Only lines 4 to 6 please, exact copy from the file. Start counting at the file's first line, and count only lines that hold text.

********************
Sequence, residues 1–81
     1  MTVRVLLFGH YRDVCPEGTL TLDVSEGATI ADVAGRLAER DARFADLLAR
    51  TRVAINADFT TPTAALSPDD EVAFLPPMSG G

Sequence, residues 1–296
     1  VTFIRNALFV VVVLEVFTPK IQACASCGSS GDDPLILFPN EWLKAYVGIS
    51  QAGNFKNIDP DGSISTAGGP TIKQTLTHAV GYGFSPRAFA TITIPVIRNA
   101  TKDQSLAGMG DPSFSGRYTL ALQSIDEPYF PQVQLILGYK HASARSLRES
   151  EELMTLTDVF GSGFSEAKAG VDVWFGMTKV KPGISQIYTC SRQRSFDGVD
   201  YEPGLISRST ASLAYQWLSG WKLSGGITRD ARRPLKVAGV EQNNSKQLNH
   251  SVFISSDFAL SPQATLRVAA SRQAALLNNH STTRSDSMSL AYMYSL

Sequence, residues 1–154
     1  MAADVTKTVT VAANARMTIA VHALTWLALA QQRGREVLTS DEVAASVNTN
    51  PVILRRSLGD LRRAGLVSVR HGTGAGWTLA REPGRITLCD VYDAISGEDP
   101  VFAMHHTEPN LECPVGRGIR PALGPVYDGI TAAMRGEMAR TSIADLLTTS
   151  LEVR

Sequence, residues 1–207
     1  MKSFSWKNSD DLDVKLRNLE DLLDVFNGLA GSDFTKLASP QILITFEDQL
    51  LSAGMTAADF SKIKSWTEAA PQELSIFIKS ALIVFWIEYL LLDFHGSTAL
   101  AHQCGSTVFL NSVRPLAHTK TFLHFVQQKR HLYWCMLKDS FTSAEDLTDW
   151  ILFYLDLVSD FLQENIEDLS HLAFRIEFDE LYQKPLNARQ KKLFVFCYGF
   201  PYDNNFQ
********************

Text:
Sequence, residues 1–296
     1  VTFIRNALFV VVVLEVFTPK IQACASCGSS GDDPLILFPN EWLKAYVGIS
    51  QAGNFKNIDP DGSISTAGGP TIKQTLTHAV GYGFSPRAFA TITIPVIRNA